The Little Things (2021)



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I watched Se7en the night before The Little Things. Se7en is by far the better movie. They both revolve around a serial killer being tracked by the hotshot young detective and a retiring, black, experienced detective with an issue from his past haunting him. Rami Malek plays Jim Baxter and Denzel Washington plays Joe ‘Deke’ Deacon. John Lee Hancock wrote and directed the film.


The false teeth Rami wore in Bohemian Rhapsody were distracting. Without the false teeth, my attention was still drawn to his mouth, which I find to be an odd shape. This may be a forever distraction from any of Rami’s future roles for me.


I have a hard time keeping The Little Things separate in my head from Se7en; there are several similarities. They both have problematic police officers doing problematic police work. Hancock wrote The Little thing in 1993, two years before Se7en’s release. 2020 was punctuated with the killing of George Floyd at the hands of a police officer. The Little Things, set in 1990’s LA, has scenes of police using excessive force and violating protocols with no accountability.


I think Hollywood needs to stop making films that celebrate police flaunting law and order. Police officers committing crimes should be portrayed as the outlaws that they are. There is a distinct lack of justice for victims of police violence and police are routinely not held accountable for their actions. This needs to stop being glorified. It was not acceptable in 1995, and it has aged worse in the 25 years since.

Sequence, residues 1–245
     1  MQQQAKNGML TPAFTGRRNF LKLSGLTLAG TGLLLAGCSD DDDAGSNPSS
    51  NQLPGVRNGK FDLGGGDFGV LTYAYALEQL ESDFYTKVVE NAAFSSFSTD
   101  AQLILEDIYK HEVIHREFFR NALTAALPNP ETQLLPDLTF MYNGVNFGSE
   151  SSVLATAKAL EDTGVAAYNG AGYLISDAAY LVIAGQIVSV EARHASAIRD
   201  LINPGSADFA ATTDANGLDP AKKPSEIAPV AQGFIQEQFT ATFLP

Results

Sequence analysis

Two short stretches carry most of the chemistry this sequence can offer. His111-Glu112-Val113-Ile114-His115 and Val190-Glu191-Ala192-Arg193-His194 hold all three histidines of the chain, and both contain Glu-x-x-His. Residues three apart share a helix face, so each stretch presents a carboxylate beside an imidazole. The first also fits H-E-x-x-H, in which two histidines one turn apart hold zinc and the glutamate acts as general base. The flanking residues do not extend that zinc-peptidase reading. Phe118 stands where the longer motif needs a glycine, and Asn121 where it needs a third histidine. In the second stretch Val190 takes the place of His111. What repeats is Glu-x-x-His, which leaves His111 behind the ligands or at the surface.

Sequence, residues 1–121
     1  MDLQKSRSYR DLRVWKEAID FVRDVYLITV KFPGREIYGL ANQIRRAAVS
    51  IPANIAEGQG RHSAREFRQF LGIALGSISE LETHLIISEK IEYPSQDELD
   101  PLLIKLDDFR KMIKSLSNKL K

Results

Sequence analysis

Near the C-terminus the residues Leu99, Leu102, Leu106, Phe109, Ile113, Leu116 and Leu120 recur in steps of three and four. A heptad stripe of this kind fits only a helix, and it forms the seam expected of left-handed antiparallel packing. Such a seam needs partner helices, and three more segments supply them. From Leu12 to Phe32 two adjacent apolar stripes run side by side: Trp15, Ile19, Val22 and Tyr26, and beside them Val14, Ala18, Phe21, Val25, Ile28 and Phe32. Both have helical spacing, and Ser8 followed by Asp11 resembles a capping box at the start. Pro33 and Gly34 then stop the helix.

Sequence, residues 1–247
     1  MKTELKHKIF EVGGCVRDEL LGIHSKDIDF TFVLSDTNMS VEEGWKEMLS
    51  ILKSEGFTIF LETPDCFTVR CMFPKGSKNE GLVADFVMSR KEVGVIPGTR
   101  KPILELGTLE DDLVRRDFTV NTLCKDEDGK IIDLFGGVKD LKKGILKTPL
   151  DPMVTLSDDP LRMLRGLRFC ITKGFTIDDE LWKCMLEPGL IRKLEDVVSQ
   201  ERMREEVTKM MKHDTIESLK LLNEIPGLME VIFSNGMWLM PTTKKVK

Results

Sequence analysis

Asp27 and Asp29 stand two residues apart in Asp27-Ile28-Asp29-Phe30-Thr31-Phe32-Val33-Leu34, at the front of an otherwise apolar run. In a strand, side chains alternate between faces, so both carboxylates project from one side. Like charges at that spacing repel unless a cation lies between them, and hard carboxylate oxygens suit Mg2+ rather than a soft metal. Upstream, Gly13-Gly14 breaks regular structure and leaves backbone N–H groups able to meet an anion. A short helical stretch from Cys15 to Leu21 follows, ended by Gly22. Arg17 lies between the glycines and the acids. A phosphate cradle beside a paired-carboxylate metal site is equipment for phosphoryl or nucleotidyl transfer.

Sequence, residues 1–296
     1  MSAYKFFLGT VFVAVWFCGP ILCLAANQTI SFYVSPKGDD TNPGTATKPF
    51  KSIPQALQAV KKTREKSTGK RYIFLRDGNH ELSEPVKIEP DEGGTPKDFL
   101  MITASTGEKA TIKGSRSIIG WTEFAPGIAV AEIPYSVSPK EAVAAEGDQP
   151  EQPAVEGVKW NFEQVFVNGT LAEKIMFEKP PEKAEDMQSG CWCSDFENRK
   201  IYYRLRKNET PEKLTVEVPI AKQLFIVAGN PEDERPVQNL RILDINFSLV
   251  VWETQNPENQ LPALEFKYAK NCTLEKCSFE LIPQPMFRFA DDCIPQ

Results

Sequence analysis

The murder scenes in The Little Things are not as gruesome or memorable as Se7en and feel pedestrian. The visceral nature of Se7en is part of what made it a good movie. The Little Things never gets those little things right. The ending of The Little Things has parallels to Se7en, but the evidence is a lot less clear. It read to me as cops getting away with something they shouldn’t be able to get away with.


The Little Things is a slog to get through at 128 minutes. It does not feel original and does not have a central thesis on man. It is not an exploration of a serial killer’s mind. It is a glorification of two bad cops doing bad things from behind a badge that should be stripped and exchanged for a prison jumpsuit.

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